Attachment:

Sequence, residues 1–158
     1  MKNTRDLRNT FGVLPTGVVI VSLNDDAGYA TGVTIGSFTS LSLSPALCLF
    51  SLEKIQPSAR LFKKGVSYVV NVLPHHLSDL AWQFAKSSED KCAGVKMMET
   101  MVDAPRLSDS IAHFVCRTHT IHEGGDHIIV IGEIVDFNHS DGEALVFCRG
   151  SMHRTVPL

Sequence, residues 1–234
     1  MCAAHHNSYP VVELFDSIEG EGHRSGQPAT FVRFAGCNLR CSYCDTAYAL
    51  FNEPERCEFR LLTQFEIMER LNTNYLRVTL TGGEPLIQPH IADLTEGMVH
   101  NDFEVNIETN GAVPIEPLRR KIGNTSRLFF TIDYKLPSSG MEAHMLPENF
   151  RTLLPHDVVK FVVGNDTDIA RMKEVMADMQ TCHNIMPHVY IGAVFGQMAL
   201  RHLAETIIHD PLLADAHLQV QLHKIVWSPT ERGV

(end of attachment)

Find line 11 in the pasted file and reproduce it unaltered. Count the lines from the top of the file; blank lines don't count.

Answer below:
   201  RHLAETIIHD PLLADAHLQV QLHKIVWSPT ERGV